# Difference between revisions of "Ladder puzzle 1/Solution"

## Correct: e5 then c7

Red's main threat is the ladder starting at c7. If Red plays out this ladder, Blue can block it. So Red needs a helping stone somewhere on the right and on the second line from the bottom. Red 1.e5 threatens the follow-up moves at *, which Blue must defend.

The potential connection at d7 passes through e6, c7, c8, and d8. The potential connection at f6 passes through e6, f5, and Template IIIa. These two potential connections only overlap at the two hexes marked +, so Blue must play there. However, if Blue plays 2.d8, Red wins with the following sequence of forcing moves:

Therefore, Blue must play 2.e6. Red can now play the ladder at c7, break the ladder at g7, and win:

## Alternative: e5 then f5

Alternatively, after 1.e5 2.e6, Red could have continued the 4th row ladder with 3.f5, to which Blue may reply 4.f6. This allows Red to play a double threat 5.g7. This stone is the ladder helper, and it also threatens to connect along the top. Either way, Red wins.

However, this play is more complicated to analyze, because Blue may also respond in a number of other places instead of f6. If Blue plays 4.e8, then 5.g7 still works, albeit for slightly different reasons:

Note that in the final position, the red stone at e7 is connected up via * and down via +, so it is a winning position.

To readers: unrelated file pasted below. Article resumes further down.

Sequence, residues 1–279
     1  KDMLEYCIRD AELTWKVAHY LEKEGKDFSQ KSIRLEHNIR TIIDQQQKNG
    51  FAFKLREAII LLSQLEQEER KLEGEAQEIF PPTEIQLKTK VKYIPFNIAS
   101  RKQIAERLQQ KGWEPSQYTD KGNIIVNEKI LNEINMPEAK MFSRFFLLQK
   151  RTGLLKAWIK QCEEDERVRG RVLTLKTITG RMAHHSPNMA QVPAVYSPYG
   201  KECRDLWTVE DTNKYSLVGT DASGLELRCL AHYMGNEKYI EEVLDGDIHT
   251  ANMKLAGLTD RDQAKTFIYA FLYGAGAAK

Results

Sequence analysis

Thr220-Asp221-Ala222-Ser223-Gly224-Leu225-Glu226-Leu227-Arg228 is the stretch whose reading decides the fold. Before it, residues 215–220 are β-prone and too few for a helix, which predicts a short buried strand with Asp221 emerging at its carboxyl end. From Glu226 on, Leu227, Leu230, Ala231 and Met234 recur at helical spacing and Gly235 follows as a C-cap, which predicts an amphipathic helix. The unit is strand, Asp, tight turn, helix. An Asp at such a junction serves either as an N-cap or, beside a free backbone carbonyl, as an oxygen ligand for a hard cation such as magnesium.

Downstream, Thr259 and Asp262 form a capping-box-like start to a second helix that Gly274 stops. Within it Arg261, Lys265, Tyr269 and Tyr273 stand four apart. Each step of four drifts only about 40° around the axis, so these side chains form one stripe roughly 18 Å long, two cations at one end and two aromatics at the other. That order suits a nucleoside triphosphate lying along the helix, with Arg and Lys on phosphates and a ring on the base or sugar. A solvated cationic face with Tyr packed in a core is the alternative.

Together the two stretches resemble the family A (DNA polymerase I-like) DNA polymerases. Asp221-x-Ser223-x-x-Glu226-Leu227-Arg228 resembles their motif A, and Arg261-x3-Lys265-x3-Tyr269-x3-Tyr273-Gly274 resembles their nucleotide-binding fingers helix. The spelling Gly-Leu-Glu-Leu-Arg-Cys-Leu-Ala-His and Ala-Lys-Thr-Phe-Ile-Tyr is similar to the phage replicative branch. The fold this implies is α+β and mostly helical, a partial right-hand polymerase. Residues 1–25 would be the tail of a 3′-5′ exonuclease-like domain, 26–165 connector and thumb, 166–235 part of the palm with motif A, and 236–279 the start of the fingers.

If Blue plays 4.f7 or anything to the right of it, Red gets their ladder escape at 5.e7:

Again, e7 is connected upwards via *.

## Alternative Solution: f6

The stone at f6 is a ladder breaker for the ladder starting at c7, and it also threatens to connect via e5. This looks very strong, but Blue can still defend at e7, which is a ladder breaker and threatens a connection at the lower side.

Now Red plays f4 completing the win. f4 is connected to the lower-right group in two non-overlapping ways, through f5 and g4. f4 is also connected to the central group in two non-overlapping ways, through f3 and e5. Therefore, all of Red's pieces form a single group which is connected to both the top and bottom.

## Alternative Solution: switchback

Red can also use h4 to do a switchback. To set this up, Red starts playing the 2nd row ladder and breaks the ladder at f7:

Now the killer move is f5, which connects to Red's main group by double threat, and is also connected to h4. Blue is forced to play at f6, but Red reconnects with h5 via edge template IV-2-d.

This method works no matter the size of the board or how far away the 5th row stone is. If h5 is further to the right, the 2nd row ladder will just turn into a 4th row ladder going the opposite way, eventually connecting with d5.